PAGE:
For self-employed business owners, health coverage is an ongoing battle between finding affordable medical insurance and being able to cover enough operating costs to keep their company viable.
The No. 1 reason most people cite when they tell me why they’re not in business for themselves is health care. Navigating medical care without breaking the bank deters a lot of people from walking away from a full-time job. And it’s not hard to see why, especially if you have attempted to wade through these complicated waters without drowning.
To me, health insurance and medical care have come to feel like the stock market, which is to say, it’s like taking a trip to Vegas to bet all my money, without the upside of cocktails and buffets to enjoy. It’s maddening to know I can make the smartest choice I can in health coverage that’s also affordable, and yet I can still get hit brutally in the wallet at the end of the year.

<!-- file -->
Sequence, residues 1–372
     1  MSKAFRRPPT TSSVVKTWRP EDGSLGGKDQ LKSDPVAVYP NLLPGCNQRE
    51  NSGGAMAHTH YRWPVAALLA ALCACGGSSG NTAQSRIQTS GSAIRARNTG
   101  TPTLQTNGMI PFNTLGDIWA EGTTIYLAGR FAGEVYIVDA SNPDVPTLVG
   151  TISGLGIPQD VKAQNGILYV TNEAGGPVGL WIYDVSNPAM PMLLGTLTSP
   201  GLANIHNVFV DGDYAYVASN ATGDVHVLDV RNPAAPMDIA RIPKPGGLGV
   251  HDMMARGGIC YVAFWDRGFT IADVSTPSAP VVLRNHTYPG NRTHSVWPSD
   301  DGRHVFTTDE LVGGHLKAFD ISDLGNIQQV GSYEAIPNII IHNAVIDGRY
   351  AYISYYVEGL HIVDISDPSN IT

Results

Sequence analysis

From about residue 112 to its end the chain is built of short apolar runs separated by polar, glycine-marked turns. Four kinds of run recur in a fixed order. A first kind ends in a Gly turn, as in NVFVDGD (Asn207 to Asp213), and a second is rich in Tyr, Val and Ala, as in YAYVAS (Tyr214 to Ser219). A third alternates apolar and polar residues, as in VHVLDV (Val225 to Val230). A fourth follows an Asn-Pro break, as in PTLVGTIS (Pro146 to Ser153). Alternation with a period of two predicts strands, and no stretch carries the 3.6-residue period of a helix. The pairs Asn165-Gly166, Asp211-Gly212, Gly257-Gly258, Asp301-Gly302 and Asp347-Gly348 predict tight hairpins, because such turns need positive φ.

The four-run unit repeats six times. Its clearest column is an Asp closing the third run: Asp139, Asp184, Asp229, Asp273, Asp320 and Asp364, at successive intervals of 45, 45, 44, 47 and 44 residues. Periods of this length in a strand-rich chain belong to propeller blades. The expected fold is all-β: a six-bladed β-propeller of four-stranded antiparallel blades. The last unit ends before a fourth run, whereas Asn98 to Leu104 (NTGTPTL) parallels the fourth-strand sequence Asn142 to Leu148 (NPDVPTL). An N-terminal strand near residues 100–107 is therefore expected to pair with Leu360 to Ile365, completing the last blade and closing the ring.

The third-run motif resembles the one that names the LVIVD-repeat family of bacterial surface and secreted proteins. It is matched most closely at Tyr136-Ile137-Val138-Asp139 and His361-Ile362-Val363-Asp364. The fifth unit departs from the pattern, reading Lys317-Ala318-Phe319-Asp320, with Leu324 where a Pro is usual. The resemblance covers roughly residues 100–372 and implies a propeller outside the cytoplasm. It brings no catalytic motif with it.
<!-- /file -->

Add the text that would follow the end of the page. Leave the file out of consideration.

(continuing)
I’m not alone. Other self-employed pals struggle with figuring out how to handle their health care too. And it’s not cheap. “My biggest bill, aside from rent and car, is health care,” says Gina Conroy, a single mom, teacher, and writer. She and I are in the same boat — trying to make ends meet without spending everything we have on health insurance.
Interestingly, a lot of doctors don’t like the current minefield of health insurance either. “Physicians are getting frustrated with the current health care model,” says Scott Street, D.O., who provides direct primary care at Remedy Health in south Tulsa. “The model is what’s failing us; it’s not the providers. We want to provide good care for people and take care of them.”
Owners of very small businesses — those with fewer than 50 employees — are not required by the Affordable Care Act to provide health coverage to their employees. But that doesn’t mean those employers don’t feel a sense of obligation to their employees or struggle with the decision to forgo a company plan.
Especially since the ACA also mandates that each person have health insurance or face penalties. The individual mandate affects the business owners themselves, who must purchase insurance plans for themselves and their families.